“Africa is the third fastest-growing region worldwide for air travel, and Air Tanzania is well-positioned to increase connectivity and expand tourism throughout Tanzania,” said Ihssane Mounir, Boeing senior vice president of commercial sales and marketing.
“We are honoured that Air Tanzania has chosen Boeing for its fleet modernization program by adding an additional 787 and introducing the 737 MAX and the 767 Freighter into its expanding network,” he added.
But one of the largest orders placed at the Dubai show was by Indigo Partners, which said it had placed an order for 255 additional Airbus A321neo family aircraft for its portfolio of airlines. The company owns and operates numerous budget airlines across the world, notably Hungarian Wizz Air, Frontier (United States), Volaris (Mexico) and JetSmart (Chile and Argentina). While Wizz would pick up the largest number of aircraft, 102, Frontier will take 91 and Volaris 39 planes, while JetSmart will take 23 aircraft. In addition to this order, Volaris and JetSMART have also decided to replace their existing 38 A320neo on order books to A321neo.
“This order reaffirms our portfolio airlines’ commitment to consistent growth through the next decade. The Airbus A321neo and A321XLR have industry-leading efficiency, low unit costs and a substantially reduced carbon footprint relative to prior models. With these aircraft, Wizz, Frontier, Volaris and JetSMART will continue to offer low fares, stimulate the markets they serve and improve their industry-leading sustainability profile,” said Bill Franke, managing partner of Indigo Partners, which is a private equity fund, based in Phoenix, Arizona, focused on worldwide investments in air transportation.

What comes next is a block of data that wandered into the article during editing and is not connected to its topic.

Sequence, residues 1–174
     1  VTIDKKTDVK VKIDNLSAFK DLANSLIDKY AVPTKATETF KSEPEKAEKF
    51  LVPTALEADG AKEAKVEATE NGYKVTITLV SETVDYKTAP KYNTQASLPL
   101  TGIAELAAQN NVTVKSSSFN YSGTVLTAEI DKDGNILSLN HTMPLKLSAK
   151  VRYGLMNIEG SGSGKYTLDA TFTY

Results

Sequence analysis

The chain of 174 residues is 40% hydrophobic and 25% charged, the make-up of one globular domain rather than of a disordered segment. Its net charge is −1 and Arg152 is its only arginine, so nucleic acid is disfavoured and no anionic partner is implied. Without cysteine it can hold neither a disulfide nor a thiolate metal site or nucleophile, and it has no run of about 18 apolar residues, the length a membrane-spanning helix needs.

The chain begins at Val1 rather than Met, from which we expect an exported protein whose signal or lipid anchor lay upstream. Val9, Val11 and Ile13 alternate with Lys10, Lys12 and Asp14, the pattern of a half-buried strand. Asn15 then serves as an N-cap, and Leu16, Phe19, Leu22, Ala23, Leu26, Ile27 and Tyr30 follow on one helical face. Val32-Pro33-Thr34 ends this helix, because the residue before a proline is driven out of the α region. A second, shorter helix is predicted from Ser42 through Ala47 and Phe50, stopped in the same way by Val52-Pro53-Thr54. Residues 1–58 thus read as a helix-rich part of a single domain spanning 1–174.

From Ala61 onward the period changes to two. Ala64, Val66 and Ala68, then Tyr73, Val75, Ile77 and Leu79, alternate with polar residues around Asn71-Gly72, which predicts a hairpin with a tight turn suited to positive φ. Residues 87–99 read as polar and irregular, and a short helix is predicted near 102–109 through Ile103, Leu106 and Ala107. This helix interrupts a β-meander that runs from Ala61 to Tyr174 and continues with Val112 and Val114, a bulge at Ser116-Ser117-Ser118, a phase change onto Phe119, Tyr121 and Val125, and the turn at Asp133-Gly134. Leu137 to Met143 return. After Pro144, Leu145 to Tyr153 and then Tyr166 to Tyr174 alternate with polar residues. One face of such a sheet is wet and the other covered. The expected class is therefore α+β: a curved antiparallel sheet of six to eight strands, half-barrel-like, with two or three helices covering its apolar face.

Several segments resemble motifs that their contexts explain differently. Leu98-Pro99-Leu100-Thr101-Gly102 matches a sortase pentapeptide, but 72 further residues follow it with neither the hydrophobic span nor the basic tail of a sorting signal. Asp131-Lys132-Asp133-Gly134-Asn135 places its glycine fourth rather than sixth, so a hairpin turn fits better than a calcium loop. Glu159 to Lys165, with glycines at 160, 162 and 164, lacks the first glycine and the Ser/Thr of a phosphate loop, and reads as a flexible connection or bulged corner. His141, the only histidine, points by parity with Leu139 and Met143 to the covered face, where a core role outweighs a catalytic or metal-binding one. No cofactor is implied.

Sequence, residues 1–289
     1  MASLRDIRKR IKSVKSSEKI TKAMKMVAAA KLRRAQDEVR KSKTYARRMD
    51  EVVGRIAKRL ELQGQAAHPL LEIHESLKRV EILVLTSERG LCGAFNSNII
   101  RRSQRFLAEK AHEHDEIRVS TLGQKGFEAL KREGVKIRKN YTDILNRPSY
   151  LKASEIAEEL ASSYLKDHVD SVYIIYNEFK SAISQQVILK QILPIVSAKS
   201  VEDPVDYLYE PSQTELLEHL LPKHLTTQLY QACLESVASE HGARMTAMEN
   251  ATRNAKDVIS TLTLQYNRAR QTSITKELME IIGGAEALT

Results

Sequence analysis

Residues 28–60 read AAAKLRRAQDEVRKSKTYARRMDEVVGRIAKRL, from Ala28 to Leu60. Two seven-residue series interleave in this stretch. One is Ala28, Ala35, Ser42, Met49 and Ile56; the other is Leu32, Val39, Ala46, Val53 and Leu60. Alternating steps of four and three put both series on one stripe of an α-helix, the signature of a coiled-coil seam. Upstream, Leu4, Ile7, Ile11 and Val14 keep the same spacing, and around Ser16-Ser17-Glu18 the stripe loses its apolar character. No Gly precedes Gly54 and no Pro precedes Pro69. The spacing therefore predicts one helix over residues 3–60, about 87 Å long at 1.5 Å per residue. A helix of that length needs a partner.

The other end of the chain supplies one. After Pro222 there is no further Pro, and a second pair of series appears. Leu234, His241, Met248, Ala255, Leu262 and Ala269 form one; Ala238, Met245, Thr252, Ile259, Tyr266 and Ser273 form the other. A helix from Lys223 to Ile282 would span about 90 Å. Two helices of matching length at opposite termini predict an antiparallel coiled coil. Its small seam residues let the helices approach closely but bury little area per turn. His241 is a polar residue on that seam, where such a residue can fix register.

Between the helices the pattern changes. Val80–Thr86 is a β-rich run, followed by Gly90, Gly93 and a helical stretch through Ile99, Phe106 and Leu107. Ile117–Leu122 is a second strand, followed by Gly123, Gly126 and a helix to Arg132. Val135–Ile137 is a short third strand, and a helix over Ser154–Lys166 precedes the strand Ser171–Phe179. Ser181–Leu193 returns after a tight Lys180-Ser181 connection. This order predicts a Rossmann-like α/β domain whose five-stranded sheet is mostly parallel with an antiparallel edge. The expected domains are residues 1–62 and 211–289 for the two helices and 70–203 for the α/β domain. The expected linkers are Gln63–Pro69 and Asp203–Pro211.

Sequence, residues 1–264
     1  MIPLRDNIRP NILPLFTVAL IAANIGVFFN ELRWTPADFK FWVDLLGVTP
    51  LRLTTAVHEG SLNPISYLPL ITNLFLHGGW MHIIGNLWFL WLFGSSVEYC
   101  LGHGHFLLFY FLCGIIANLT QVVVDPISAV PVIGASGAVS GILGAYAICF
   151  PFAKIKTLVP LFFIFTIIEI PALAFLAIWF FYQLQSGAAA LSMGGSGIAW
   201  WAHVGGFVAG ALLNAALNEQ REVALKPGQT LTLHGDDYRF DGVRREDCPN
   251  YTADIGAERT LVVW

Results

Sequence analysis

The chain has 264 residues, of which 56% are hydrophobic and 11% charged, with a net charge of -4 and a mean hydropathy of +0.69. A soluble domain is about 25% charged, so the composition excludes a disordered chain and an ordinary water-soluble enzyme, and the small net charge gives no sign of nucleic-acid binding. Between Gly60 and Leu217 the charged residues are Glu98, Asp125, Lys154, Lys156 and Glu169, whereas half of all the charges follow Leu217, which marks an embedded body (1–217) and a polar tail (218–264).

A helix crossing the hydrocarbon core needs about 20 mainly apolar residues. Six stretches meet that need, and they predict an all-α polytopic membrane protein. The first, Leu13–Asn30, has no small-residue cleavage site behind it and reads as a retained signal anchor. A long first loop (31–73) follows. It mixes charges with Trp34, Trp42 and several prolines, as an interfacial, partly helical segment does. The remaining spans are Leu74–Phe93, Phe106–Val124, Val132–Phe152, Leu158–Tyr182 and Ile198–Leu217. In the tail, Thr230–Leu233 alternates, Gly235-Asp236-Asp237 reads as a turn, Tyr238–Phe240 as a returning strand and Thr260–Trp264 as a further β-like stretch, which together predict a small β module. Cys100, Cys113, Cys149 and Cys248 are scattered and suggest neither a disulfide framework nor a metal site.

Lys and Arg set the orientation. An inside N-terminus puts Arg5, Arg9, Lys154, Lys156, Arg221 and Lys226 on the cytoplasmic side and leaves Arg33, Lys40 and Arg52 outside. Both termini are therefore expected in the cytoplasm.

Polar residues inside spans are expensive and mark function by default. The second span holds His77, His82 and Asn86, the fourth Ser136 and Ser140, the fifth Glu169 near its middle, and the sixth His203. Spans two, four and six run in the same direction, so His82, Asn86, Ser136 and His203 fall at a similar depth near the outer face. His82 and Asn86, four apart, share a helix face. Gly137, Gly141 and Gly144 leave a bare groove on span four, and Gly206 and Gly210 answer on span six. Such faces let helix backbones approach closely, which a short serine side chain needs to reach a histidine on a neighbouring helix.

Meanwhile, giving a more longer-term perspective, Airbus released its latest demand forecast for the next 20 years. The European company, which has of late replaced Boeing, in terms of number of aircraft on order, at the top of the pile, says that demand for air transport will progressively shift from fleet growth to the accelerated retirement of older, less fuel-efficient aircraft.
Airbus predicts that this shift towards fuel efficiency will lead to a demand for about 39,000 newly built passenger and freighter aircraft. Of these, as many as 15,250 would be replacements for the current fleets operated by airlines across the world.
As a consequence, by 2040 the vast majority of commercial aircraft in operation will be of the latest generation, up from some 13 pc, considerably improving the carbon emissions of commercial aircraft fleets.
The economic benefits of aviation extend beyond the sector, contributing around 4 pc to annual global GDP and sustaining some 90 million jobs worldwide.
Airbus goes on to predict that even though it lost nearly two years of growth due to the Covid-19 period, passenger traffic has demonstrated its resilience and is set to reconnect to an annual growth of 3.9 pc per year, driven by expanding economies and commerce around the globe including tourism.
The middle classes, who are the likeliest to fly, will grow in number by two billion people to 63 pc of the global population. The fastest traffic growth will be in Asia with domestic market in China becoming the largest market in the world.
“As economies and air transport mature, we see demand increasingly driven by replacement rather than growth. Replacement being today’s most significant driver for decarbonisation. The world is expecting more sustainable flying, and this will be made possible in the short-term by the introduction of most modern airplanes,” says Christian Scherer, chief commercial officer and head of Airbus International.